I can see what the authorities are trying to do, and obviously it's right to outlaw the sort of tackle in which thedefender just clatters into the back of his opponent - the one that lets him know you're there, as we'd have said in my day. But what about the tackle in which you're genuinely going for the ball? Say it's your first tackle of the game, and you've only got to mis- time it slightly and you could be sent off. That can't be right. And you have to remember the pace the game is played at nowadays. Mistakes are bound to happen.
Tackling is an art form - just as much a part of the game as any of the other skills. And I think that if the physical side of the game gets lost, then you really are in trouble. Football is a physical game. There's nothing better than a good challenge, a good 50-50 ball. You have to have that sort of competitive edge or the game loses something vital.
It was clear during the World Cup this summer how difficult the players were finding it. There were some silly games when the referees went way over the top. On the whole, though, I thought the players coped remarkably well. I was surprised there weren't more games that ended nine-a-side. But there were some when it was obvious the players were frightened to tackle. And it made an absolute nonsense of it. It would be terrible if we found the English game being played like that.
You have to think about this from the referee's point of view as well. Referees are under more pressure than ever nowadays, what with assessors marking their performances as well as having to think about the match itself. The game has speeded up so much since I was playing, and there is so much more at stake. To keep up with everything and make the right decisions is harder than ever. And now the Fifa changes have added even more pressure. As far as I can see, they've just created more difficulties for referees.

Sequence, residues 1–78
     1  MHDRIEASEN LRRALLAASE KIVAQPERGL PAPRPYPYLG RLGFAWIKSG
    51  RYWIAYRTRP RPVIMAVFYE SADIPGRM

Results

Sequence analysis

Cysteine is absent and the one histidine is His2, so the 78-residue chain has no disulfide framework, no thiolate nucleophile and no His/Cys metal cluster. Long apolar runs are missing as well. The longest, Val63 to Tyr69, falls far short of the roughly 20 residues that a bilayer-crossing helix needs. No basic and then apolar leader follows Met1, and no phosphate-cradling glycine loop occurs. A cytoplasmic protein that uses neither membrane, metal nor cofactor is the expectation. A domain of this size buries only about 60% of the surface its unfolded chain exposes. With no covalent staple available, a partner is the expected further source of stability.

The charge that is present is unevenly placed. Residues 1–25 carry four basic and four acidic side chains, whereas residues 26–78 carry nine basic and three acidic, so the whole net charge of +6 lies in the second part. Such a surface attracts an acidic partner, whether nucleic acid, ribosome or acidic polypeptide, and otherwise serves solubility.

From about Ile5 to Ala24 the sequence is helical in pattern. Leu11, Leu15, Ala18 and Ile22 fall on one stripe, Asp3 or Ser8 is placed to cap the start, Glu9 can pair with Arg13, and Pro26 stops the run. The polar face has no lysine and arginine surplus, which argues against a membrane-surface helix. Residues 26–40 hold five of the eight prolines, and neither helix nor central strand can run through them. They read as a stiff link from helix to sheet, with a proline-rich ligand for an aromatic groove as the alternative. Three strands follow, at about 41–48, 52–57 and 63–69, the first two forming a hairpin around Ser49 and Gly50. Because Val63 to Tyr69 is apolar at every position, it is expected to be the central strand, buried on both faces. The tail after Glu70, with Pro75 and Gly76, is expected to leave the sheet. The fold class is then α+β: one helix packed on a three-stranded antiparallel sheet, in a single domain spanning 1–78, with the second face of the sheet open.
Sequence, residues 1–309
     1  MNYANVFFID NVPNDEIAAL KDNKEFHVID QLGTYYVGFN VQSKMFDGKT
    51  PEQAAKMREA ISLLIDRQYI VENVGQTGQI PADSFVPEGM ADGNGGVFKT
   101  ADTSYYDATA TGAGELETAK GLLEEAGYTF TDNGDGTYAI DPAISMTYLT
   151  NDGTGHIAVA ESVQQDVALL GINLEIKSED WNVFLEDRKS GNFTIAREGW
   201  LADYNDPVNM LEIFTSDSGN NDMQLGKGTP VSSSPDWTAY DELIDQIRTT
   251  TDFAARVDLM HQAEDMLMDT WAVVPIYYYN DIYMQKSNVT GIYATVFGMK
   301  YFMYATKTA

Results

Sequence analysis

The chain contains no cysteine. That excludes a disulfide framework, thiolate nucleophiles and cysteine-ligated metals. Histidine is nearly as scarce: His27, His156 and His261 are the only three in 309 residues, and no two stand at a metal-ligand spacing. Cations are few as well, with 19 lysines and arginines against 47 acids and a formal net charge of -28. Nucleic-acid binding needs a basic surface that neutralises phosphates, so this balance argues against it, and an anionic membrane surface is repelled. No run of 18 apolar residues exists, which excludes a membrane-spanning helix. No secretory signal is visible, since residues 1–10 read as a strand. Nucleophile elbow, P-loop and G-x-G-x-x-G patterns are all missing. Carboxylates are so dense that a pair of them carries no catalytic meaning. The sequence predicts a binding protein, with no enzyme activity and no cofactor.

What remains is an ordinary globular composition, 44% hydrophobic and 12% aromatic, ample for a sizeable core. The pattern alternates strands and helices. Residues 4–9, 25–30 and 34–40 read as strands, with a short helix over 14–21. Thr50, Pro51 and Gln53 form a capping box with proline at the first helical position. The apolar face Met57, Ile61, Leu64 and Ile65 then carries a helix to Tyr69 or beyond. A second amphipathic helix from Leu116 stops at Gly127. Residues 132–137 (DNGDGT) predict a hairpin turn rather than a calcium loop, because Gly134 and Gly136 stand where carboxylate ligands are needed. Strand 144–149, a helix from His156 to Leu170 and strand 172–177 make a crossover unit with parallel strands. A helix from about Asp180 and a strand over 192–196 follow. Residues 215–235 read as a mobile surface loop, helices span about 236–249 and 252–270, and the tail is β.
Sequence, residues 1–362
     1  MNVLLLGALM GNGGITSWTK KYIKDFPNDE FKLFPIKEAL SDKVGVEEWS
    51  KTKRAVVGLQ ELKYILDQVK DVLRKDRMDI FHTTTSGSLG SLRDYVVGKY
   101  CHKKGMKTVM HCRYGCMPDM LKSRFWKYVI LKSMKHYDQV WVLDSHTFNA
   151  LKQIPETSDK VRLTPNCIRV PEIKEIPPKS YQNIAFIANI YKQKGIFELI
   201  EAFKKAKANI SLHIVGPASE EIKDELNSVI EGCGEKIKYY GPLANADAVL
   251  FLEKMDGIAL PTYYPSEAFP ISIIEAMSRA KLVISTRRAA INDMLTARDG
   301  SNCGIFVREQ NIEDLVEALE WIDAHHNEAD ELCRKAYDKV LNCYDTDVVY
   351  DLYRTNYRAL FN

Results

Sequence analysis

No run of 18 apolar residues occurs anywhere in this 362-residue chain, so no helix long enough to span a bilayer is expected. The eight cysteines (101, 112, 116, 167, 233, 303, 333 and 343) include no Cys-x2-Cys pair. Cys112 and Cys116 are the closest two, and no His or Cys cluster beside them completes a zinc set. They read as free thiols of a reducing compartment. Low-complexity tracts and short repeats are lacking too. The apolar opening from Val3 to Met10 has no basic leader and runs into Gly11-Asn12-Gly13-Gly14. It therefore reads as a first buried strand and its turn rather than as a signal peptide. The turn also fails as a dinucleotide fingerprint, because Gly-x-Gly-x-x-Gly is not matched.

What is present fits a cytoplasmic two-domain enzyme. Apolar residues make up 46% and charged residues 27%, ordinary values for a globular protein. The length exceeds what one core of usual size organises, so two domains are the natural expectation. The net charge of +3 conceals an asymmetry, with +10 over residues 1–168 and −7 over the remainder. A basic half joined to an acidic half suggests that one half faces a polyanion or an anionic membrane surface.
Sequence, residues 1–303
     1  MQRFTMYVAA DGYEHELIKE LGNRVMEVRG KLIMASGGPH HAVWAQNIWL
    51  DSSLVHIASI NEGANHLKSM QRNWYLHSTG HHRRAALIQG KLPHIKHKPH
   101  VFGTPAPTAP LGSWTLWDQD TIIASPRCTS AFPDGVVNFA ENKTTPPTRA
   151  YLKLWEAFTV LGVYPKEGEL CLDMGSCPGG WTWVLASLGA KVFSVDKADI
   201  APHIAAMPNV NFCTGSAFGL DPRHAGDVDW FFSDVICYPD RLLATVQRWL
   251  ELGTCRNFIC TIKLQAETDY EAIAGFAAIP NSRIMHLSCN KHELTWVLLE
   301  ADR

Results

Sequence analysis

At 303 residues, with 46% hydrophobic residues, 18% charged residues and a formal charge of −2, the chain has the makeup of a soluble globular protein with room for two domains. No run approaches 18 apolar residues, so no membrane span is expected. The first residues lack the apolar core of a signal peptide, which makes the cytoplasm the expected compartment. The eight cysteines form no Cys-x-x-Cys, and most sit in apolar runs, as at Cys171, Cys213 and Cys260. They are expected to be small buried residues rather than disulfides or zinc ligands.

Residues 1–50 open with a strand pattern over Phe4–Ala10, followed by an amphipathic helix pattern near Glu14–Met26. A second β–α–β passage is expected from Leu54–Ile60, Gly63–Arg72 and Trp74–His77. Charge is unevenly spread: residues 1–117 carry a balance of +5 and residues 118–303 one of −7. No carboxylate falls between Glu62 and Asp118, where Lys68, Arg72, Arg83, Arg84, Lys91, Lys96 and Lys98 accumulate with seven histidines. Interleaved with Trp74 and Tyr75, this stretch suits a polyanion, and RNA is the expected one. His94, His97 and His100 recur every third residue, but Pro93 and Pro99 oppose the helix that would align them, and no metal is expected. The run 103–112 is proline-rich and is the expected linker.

What's happened is that the referee is having his discretion taken away from him. In my day, the best referees knew what was fair and what wasn't and acted accordingly. They weren't having to think about the latest ruling from Fifa.
With the greater responsibility, referees could struggle to cope. As a result I suspect that what we may see is a strict interpretation of the rules for the first two or three months of the season and then an easing-off. But whatever happens I envisage some referees losing control completely and that would be disastrous.
One solution would be to give more power to linesmen. I'd welcome that. They should be given much greater say in the decision process, to make the referee's job a bit easier. Goodness knows, he could do with all the help he can get. It's something that happens in rugby league, and I think football could learn from that.
Then there are the offside law changes. I know the authorities are trying to reduce the number of offsides, to try to make the game flow, but there is a limit to it. The law change about active and passive parts of the field is so open to misinterpretation. And if there's any doubt in the situation, it can't be right that the attacking player gets the benefit of it. As far as I'm concerned if you're in an offside position you're offside, and that's that.
You have to think about which players are going to be most affected by these changes. It's the defenders. I may be speaking as an ex-defender, but you ask any manager what the basis of a successful side is and they'll all give you the same answer - a solid defence. Now you're going to find defenders being sent off much more often than before, and everything a team is working for could fall apart.
The point about a football team is that it's made up of different types of players and different types of skills. The beauty is in the variety. Goalscorers, wingers, creators in midfield, plus your men at the back. My fear is that if you tinker with the laws too much you threaten the whole character of the game itself.